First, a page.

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24 May 2012

Manufacturer: Big Finish Productions

Written By: Eddie Robson

RRP: £8.99

Release Date: 31st May 2012

Reviewed by: Matthew Davis for Doctor Who Online

Review Posted: 24th May 2012

Jamie McCrimmon is trapped. Trapped not only within a four wall cell but within several time streams and not all of them are in the right order. 

His interrogator, and at some points prisoner Moran is interested in The Doctor and his agenda towards the local alien race the Unhelt. Jamie maintains that the Unhelt are harmless and that The Doctor trusts them. But why does Jamie keep switching from prisoner to captor and why do the Unhelt seem to be the enemy he believed they weren’t?

It soon becomes clear that someone is playing a game with Jamie. But it seems that there are two more players than just the highlander and Moran. The mysterious Si is behind it all, informing The Doctor that Jamie is indeed part of a game and it is one that will guarantee his freedom, if he can put the pieces of the puzzle in the right order.

Jamie McCrimmon must now face a test not just of his own resources but of his trust in the Doctor as he may not be right this time around.

Big Finish has recently been experimenting with the format of The Companion Chronicles by releasing them as audio dramas rather than talking books. This can be seen in the recent release Binary and the same format is used here to great effect. The nature of the story allows the pace to be kept at a great momentum in the audio drama format and as a result the story never feels boring.

The Jigsaw War is an intriguing play and certainly not one for a causal listen. This story, with its jumping about in time at an almost disorientating pace, demands your attention. Part of the fun is hearing Jamie trying to figure out his escape route as we hear him in both increasingly desperate and relatively calm situations within the same room.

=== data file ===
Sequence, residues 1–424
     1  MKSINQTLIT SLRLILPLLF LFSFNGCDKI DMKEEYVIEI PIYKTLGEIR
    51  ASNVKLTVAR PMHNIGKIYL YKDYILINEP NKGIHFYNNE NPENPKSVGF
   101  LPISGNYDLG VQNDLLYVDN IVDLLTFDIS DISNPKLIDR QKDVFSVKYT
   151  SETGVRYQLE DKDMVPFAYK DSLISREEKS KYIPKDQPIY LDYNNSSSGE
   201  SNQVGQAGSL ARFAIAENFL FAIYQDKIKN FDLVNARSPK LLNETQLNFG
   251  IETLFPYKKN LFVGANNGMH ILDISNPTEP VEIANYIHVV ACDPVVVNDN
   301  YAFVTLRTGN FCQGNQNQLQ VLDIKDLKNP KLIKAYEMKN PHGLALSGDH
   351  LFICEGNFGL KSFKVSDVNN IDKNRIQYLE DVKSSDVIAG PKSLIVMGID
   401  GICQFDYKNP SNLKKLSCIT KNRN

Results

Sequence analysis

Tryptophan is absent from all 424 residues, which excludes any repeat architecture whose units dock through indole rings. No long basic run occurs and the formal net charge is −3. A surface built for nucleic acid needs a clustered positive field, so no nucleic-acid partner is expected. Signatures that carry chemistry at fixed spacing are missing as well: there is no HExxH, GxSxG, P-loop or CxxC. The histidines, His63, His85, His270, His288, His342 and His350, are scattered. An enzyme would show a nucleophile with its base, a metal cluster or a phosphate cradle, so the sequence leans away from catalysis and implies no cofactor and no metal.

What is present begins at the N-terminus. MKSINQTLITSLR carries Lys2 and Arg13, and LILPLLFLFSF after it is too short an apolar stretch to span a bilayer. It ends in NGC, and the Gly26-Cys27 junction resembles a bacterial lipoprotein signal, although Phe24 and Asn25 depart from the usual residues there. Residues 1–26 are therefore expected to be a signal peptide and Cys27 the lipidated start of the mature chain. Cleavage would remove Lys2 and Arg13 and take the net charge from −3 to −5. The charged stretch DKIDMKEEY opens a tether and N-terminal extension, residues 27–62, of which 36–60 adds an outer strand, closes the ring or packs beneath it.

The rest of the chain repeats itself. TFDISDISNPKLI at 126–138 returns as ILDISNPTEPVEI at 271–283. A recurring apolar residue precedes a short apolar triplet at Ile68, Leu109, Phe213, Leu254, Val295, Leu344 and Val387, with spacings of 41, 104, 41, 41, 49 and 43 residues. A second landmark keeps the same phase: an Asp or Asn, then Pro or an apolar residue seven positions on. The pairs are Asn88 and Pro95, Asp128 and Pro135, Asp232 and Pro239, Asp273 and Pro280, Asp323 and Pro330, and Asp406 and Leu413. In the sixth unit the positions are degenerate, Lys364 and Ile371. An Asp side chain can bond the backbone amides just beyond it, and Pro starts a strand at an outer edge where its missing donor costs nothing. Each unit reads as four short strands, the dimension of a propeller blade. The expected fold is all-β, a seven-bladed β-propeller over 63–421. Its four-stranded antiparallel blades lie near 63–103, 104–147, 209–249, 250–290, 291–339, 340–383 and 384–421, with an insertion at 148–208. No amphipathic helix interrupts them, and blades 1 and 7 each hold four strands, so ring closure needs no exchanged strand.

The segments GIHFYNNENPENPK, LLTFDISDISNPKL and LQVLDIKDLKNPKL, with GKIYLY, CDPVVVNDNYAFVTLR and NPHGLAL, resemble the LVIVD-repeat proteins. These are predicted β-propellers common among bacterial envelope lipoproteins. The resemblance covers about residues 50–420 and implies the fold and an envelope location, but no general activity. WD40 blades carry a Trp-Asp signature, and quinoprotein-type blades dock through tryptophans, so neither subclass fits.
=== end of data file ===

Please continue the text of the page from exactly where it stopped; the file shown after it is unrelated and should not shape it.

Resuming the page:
Frazer Hines is superb as Jamie especially when he is on the defensive about The Doctor towards Moran. This story is again another opportunity to hear Hines’ uncanny impersonation of Patrick Troughton, this time given full credit as The Doctor and not Jamie impersonating him. When these moments come they are delightful as Hines really acts like the Second Doctor which lends it more authenticity than simply doing a heightened impression of Troughton. It is a joy to listen to.

Hine’s fellow cast member Dominic Mafham is terrific as Moran, particularly as the actor has to play the character at several points in a very disjointed timeline. These moments require many different emotional states which Dafham excels at. He makes for a wonderful straight sparring partner against the rough and ready Scot and the contrast is admirably brought to life by both Hines and Mafham.

Deep within the puzzle of the play are some very interesting questions about The Doctor that Moran raises to Jamie during their interrogations. These mostly concern the off audio Unhelt and The Doctor’s opinion of them. The Unhelt to Jamie and The Doctor are simply subjugated and oppressed by Moran’s people whereas Moran present s a plausible case that they are dangerous and his people’s methods in containing them while admittedly cruel do serve a greater purpose in keeping the peace between the races. It is suggested by Moran that The Doctor simply takes things on face value and sees only a small part of the picture without full possession of the facts. This does cause an interesting moral dilemma for Jamie but it is brushed away somewhat by the far bigger puzzle that is the main story.

When the conclusion comes it is rather abrupt and does not really leave the listener fully satisfied. However, writer Eddie Robson has been rather clever to design the story in such a way that when the story is over, a way is offered to the listener to hear the adventure in the correct chronological order of events. It is a clever twist and adds a great deal of replay value to the listener.

The Jigsaw War is an enjoyable Companion Chronicle despite some of the more intriguing ideas being swamped by the main narrative in whatever order you choose to listen to it. A recommended listen.

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